Libya conflict: Rebels battle Gaddafi troops in Zawiya
Fighting has continued inside the Libyan city of Zawiya, just 50km (30 miles) west of the capital Tripoli, after a rebel offensive on Saturday.
A small rebel force was seen in the city centre on Sunday but it is believed government troops are still in the area.
The Libyan government insists it controls the city, which lies on the vital motorway west to Tunisia.
Zawiya's fall would effectively cut the government off from the outside world.
The city was briefly held by rebel forces early in the uprising against Col Muammar Gaddafi's rule this year but they were driven out by tanks and suffered heavy casualties.
Last week, hundreds of rebels pushed out of the Nafusa Mountains in the west, down towards the towns of the coastal plain in an offensive aimed at ending months of deadlock.
There is nothing yet to suggest that rebel fighters are in Zawiya in anything like big enough numbers to hold it. But a rebel push on Zawiya, if that is what this is, could be a decisive moment in the war.
It lies on the only remaining supply route for the authorities in Tripoli - west to Tunisia - and it is home to the only oil refinery in that part of the country.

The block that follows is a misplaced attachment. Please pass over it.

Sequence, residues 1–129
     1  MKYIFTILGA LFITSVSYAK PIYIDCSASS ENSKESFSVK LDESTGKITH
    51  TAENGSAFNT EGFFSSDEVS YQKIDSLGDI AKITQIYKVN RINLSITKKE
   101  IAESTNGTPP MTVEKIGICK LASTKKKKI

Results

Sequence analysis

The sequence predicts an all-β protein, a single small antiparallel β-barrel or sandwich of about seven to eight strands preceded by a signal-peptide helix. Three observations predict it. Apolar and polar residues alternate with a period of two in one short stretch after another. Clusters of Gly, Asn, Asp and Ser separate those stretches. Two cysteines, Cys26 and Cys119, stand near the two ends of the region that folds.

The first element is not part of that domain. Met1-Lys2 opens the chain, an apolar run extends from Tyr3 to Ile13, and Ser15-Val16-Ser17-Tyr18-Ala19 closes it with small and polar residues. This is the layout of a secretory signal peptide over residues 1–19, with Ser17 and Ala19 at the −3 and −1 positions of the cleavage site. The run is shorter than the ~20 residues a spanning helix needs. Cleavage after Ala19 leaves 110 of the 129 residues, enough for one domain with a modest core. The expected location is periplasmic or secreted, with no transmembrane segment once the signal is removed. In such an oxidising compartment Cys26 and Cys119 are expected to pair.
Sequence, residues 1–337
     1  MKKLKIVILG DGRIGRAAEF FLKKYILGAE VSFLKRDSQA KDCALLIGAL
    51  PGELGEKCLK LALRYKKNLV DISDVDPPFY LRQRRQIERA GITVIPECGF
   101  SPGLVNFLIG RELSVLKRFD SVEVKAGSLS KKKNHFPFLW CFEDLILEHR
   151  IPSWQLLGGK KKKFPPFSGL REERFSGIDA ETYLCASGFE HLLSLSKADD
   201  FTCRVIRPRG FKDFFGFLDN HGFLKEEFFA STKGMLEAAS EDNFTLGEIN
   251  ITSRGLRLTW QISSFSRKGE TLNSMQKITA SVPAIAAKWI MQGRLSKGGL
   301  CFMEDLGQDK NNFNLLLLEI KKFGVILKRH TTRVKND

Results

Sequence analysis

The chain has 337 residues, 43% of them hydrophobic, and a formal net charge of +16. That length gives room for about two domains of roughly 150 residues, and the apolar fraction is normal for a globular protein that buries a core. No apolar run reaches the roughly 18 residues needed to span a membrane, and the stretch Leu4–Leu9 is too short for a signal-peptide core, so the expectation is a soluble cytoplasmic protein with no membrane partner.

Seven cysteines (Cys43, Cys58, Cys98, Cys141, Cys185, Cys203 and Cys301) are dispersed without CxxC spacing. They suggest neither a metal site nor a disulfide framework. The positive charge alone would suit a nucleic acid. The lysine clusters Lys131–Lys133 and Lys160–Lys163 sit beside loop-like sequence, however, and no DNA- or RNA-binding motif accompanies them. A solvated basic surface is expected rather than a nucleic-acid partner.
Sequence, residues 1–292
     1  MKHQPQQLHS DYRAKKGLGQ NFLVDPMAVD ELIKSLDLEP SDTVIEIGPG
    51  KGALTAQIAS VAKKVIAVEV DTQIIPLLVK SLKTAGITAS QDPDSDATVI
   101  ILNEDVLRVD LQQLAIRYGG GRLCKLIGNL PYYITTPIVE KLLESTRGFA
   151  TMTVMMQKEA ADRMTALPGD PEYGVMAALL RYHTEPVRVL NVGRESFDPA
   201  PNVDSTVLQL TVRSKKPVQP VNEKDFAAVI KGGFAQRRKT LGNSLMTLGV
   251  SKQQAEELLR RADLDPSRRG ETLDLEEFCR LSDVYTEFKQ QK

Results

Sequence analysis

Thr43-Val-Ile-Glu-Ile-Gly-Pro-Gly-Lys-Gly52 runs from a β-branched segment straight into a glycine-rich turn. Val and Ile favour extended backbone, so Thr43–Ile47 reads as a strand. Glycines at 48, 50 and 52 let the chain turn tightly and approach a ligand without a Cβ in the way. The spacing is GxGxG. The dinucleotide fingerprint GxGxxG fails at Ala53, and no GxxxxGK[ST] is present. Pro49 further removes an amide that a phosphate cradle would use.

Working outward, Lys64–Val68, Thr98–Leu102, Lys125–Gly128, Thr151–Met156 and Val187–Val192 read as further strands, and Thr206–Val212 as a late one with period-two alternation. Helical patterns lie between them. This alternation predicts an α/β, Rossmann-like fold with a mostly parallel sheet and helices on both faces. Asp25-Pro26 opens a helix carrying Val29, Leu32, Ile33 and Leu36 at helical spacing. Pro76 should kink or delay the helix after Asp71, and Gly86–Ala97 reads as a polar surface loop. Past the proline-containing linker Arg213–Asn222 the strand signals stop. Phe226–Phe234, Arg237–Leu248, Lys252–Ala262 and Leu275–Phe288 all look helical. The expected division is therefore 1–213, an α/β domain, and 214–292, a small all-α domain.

The government in Tripoli says it has full control of the city, and that it is rounding up opposition elements. It says the Libyan army is strong, and will be able to recapture everything that has been lost.
But it also admits Nato air strikes have been helping the rebels to advance. And it knows that if Zawiya falls, Tripoli will be cut off.
Military success in the west is crucial to the rebels, who have struggled to make advance from their stronghold around Benghazi in the east.
A reporter from Reuters news agency saw around 50 rebels near the main market, with their flags flying from a shop.
"I'm 1,000% [sic] sure we're going to take over Zawiya today and then move on to Tripoli," said Bin Jaffin Ali, 34, a shopkeeper turned fighter.
According to an Associated Press reporter in Zawiya, pro-Gaddafi snipers have been shooting at rebels from a central overpass.
Sporadic loud booms could be heard echoing across the city, and a column of heavy black smoke could be seen rising over the outskirts, the reporter added.
AP's journalist also witnessed rebels operating inside the city, saying they had been greeted by a small group of local men who chanted "Freedom! Freedom!".
The rebels also suffered a setback when a government tank they had captured was bombed by the Nato coalition and four people inside were killed, AFP news agency reports.
The agency showed pictures, first of rebels celebrating as they rode around on the tank, then of a charred hulk.
On Saturday, the government insisted it still controlled Zawiya, thought to be the country's fifth-largest city.
"A very small group of rebels tried to move into the south of Zawiya but were stopped easily because of our armed forces," said government spokesman Moussa Ibrahim.
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